Introduzione

rome - view from aventine

Buongiorno!

I’m Alexandra, a 22 year old from London. In a week’s time I’ll be moving to Rome, and hopefully finding work as an English teacher. Although I don’t know anyone in the city, I’ve been put in touch with some friends of friends, and hopefully it won’t be too difficult to meet people. I’ve already got a flat, which is a good start – a tiny room in Testaccio which I can call home.

As a teenager I went to Rome a couple of times – very briefly on a school trip, and for a few days on a family holiday – but it wasn’t until September 2011 that I fell in love with it. I went with a friend and stayed in a hostel for three weeks while doing some work experience at Keats-Shelley House. I ate a lot of pizza, saw so much art that I started to suffer from a slight culture overload, and was so reluctant to leave that I cried on the plane journey home. When I went back to Oxford to start the final year of my degree, the dome of the Radcliffe Camera seemed disappointingly small, and I immediately started plotting my return to Rome.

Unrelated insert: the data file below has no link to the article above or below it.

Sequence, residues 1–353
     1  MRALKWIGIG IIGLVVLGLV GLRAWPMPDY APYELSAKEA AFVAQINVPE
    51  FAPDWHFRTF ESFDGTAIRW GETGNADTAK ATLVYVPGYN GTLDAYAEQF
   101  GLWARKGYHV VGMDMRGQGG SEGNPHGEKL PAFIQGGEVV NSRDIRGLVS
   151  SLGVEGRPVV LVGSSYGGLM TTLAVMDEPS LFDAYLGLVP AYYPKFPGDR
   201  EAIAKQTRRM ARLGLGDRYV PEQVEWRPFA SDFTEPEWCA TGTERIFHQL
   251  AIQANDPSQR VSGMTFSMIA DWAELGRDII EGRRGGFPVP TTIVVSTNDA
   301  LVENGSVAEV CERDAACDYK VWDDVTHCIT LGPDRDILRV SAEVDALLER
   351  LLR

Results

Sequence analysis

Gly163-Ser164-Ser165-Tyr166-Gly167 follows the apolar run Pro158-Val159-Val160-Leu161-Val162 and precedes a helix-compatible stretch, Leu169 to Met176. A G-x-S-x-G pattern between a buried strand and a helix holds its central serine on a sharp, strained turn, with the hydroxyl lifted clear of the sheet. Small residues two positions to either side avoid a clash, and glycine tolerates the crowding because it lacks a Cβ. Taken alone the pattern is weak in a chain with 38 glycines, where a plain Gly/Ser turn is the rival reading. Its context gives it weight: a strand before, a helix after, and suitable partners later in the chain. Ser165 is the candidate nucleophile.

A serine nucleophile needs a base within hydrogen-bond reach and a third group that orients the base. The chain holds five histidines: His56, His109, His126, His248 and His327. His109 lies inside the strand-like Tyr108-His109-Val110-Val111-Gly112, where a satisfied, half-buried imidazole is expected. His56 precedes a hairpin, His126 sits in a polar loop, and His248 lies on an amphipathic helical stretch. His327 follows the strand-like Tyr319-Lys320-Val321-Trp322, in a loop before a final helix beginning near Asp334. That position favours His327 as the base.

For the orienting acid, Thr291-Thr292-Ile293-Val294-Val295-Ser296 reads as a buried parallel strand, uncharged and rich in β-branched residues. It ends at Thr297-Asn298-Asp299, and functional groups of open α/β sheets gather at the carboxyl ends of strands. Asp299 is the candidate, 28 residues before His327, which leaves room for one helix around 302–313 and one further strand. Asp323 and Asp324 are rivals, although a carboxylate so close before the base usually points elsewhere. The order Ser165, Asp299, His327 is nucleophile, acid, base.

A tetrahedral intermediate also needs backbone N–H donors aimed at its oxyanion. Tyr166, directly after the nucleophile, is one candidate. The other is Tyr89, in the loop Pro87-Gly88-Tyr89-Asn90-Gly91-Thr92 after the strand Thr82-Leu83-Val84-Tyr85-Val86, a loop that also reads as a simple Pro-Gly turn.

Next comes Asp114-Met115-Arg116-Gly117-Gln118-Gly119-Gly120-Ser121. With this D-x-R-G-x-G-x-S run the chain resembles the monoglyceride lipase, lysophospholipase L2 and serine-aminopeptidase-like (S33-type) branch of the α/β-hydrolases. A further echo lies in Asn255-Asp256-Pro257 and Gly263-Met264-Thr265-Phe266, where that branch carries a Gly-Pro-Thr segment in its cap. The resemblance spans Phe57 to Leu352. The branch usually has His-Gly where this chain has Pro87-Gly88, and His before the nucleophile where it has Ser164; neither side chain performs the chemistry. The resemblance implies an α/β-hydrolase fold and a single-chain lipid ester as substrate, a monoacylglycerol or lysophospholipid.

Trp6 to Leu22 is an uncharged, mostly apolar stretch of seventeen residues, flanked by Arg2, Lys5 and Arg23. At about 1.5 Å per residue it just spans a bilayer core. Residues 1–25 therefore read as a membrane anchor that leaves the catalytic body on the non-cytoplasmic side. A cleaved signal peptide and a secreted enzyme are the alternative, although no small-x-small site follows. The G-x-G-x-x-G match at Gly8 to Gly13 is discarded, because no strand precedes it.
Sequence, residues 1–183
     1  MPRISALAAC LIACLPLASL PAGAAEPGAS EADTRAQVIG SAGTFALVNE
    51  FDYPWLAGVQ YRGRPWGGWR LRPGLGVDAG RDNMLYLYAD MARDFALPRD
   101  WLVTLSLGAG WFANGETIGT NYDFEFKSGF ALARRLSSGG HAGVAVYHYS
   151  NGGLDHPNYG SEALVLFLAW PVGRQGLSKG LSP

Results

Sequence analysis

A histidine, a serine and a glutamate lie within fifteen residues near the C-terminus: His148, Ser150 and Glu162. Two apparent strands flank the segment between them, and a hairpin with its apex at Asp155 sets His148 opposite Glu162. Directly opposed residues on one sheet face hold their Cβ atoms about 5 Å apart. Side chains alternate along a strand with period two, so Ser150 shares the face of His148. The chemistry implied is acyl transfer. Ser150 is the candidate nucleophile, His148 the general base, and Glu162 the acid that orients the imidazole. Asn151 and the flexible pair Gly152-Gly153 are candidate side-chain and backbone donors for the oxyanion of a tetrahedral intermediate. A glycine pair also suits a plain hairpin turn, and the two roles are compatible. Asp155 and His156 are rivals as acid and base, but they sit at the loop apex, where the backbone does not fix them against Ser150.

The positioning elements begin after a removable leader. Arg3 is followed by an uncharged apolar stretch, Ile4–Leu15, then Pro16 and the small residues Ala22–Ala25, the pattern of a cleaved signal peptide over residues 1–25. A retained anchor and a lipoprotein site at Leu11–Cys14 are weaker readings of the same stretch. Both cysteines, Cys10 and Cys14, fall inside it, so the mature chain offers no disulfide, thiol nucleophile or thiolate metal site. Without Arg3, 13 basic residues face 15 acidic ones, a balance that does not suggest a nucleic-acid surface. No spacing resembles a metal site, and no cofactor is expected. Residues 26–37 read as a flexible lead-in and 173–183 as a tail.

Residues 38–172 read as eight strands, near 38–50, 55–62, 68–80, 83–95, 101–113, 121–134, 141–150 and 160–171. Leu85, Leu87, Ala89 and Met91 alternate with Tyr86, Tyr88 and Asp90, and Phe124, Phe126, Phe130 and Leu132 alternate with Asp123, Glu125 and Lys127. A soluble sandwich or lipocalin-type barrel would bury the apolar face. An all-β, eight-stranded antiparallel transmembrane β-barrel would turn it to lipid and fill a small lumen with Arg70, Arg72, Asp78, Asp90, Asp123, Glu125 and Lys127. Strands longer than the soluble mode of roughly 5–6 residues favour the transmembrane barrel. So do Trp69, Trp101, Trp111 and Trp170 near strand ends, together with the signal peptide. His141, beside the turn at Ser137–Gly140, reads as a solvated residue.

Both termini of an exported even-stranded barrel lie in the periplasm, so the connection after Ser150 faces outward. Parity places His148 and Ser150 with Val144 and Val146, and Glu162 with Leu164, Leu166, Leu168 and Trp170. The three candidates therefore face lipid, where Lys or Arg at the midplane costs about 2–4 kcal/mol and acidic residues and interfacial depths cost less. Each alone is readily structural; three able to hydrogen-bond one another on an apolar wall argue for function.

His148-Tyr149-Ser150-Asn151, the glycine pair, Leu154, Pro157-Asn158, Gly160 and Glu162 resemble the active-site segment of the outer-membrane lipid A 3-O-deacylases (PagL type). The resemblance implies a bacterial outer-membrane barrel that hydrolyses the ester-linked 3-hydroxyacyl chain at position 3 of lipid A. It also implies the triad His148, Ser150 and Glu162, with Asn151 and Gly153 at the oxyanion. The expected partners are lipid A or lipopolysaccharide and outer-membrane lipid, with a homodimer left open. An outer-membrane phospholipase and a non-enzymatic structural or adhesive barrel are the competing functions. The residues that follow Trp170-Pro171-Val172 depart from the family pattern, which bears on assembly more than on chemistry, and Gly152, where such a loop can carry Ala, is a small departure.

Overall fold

Two years later, it’s actually happening. This blog will be the story of my move to Rome, as I create a life for myself in the city, and try to earn enough money through teaching to pay my rent and maybe even travel occasionally. We’ll see.

The title of the blog, “Go thou to Rome”, is from Adonais by Shelley.

Go thou to Rome,—at once the Paradise,
The grave, the city, and the wilderness

Shelley, my favourite poet, lived in Rome while writing Prometheus Unbound, and he’s now buried in the Protestant Cemetery. My feelings about Shelley are too weird and complicated to summarise here, but in a strange way he seems to influence lots of my major life decisions. “Go thou to Rome” – all right, Shelley. I will!